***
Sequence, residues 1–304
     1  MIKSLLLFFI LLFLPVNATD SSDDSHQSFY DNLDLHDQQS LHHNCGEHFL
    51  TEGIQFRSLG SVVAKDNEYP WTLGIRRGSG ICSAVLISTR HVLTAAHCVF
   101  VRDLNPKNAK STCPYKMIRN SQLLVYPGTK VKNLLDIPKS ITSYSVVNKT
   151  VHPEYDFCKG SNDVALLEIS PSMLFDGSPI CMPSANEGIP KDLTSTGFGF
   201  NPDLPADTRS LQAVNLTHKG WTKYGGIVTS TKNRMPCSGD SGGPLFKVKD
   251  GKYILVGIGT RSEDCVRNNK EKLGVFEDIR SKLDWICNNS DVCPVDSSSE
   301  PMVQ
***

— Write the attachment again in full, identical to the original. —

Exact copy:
Sequence, residues 1–304
     1  MIKSLLLFFI LLFLPVNATD SSDDSHQSFY DNLDLHDQQS LHHNCGEHFL
    51  TEGIQFRSLG SVVAKDNEYP WTLGIRRGSG ICSAVLISTR HVLTAAHCVF
   101  VRDLNPKNAK STCPYKMIRN SQLLVYPGTK VKNLLDIPKS ITSYSVVNKT
   151  VHPEYDFCKG SNDVALLEIS PSMLFDGSPI CMPSANEGIP KDLTSTGFGF
   201  NPDLPADTRS LQAVNLTHKG WTKYGGIVTS TKNRMPCSGD SGGPLFKVKD
   251  GKYILVGIGT RSEDCVRNNK EKLGVFEDIR SKLDWICNNS DVCPVDSSSE
   301  PMVQ